Georgia to reconsider air quality regulations as EPA announces new soot emission limits

Environmental Protection Agency Administrator Michael Regan speaks at the University of Maryland, May 11, 2023, in College Park, Md. The Biden administration is setting tougher standards for deadly soot pollution, saying that reducing fine particle matter from tailpipes, smokestacks and other industrial sources could prevent thousands of premature deaths a year. (AP Photo/Nathan Howard, File)

Georgia is set to reconsider its air quality permitting and regulations as the U.S. Environmental Protection Agency announced on Wednesday that it is lowering limits for soot pollution known as PM 2.5.

“The science is clear. Soot pollution is one of the most dangerous forms of air pollution and it’s linked to a range of serious and potentially deadly illnesses, including asthma and heart attacks,” said EPA Administrator Michael Regan. The new rule sets the upper limit for soot pollution, lowering it from 12 to nine micrograms per cubic meter.

He said the agency estimates the new rule will avoid 4,500 premature deaths, 800,000 avoided cases of asthma symptoms and 290,000 avoided lost workdays by 2032.

Dr. Doris Brown is the former president of the National Medical Association and co-chair of the Council on Climate, Health, and Environmental Justice. She said that the worst air pollution hasn’t been distributed equally, and that movement on these limits is critical to environmental justice efforts.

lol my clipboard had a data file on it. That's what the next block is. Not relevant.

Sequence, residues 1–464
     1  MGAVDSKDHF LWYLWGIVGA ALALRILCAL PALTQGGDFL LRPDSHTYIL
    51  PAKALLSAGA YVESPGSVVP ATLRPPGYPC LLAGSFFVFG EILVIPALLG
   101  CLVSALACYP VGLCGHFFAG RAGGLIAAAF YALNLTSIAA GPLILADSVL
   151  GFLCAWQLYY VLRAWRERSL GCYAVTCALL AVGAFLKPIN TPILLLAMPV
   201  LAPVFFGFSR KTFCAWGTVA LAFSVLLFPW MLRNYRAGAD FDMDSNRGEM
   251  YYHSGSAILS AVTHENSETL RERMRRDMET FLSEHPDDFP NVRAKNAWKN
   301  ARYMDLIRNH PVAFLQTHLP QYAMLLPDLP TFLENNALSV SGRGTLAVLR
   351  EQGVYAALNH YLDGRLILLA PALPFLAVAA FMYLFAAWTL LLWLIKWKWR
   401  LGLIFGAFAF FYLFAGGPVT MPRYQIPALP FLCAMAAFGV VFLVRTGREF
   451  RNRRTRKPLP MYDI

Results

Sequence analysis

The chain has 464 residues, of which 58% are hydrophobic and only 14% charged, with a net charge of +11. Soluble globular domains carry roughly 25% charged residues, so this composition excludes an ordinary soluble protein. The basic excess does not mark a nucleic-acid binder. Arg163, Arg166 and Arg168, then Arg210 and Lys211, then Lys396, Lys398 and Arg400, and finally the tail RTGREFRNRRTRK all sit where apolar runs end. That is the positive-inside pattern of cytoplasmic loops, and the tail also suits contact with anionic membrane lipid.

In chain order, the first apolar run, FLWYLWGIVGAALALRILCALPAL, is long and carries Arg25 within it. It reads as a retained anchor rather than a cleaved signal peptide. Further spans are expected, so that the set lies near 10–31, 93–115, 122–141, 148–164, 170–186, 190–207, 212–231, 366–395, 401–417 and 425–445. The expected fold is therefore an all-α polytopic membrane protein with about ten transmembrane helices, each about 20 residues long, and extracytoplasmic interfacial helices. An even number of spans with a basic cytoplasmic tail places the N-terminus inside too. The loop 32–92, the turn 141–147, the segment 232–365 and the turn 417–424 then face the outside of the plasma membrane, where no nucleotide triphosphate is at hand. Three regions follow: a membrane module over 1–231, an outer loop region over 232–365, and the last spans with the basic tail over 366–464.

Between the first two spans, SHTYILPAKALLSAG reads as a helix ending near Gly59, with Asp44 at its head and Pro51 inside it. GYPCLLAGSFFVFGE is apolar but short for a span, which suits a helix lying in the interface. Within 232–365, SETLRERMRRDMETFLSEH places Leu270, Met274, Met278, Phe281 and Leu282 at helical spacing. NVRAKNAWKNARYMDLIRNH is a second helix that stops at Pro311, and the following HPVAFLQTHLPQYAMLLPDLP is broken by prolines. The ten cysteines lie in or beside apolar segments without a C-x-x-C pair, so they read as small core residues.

“We know that communities, particularly communities of color, and vulnerable populations have long been overburdened by climate pollution because of their close proximity to sources of this dangerous and deadly pollutant.”

Air pollution in Georgia

In Georgia, researchers have already been making headway on understanding how air pollution affects community health and monitoring where the current standards and regulations haven’t been protective enough for community health.

Christina Fuller is an Associate Professor at UGA who is on the advisory group of scientists that gave recommendations to the EPA about what emissions standards would be the best to protect human health. She said the PM 2.5 regulation is movement in the right direction toward protecting communities, and aside from regulation there is still more work to be done to mitigate pollution’s reach into nearby neighborhoods.

She has been working with neighborhoods on the Westside and Southside to monitor air quality and educate neighbors on the issue.

“And it’s been very helpful for them to be able to know what’s in the air that they are breathing and also communicate with different elected officials as well with regards to what type of development will be best for their communities,” she said.